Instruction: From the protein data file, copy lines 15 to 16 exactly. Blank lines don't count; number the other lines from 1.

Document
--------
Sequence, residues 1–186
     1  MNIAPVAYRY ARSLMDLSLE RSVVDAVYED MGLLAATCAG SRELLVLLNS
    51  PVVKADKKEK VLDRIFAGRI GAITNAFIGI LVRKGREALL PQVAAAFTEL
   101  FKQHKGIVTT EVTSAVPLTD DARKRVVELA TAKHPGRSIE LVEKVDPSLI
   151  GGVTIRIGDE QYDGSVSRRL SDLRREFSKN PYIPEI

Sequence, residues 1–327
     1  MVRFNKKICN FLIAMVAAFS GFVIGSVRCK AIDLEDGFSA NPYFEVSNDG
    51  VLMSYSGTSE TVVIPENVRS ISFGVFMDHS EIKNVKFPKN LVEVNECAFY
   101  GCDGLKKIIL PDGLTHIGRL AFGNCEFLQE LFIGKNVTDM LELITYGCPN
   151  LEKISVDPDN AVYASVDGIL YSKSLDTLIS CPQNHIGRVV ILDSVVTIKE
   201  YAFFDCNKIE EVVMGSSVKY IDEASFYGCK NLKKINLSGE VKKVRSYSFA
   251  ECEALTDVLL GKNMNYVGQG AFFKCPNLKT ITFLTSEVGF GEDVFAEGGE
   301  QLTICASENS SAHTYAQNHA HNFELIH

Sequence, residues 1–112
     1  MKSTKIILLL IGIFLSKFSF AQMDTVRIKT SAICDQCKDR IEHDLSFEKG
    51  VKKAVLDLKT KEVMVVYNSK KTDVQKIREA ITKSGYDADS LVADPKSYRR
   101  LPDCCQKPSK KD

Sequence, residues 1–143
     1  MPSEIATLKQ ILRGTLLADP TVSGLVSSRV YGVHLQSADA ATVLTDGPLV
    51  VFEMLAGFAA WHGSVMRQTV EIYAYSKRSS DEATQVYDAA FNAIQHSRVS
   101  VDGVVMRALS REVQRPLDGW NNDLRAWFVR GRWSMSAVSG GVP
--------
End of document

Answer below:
     1  MKSTKIILLL IGIFLSKFSF AQMDTVRIKT SAICDQCKDR IEHDLSFEKG
    51  VKKAVLDLKT KEVMVVYNSK KTDVQKIREA ITKSGYDADS LVADPKSYRR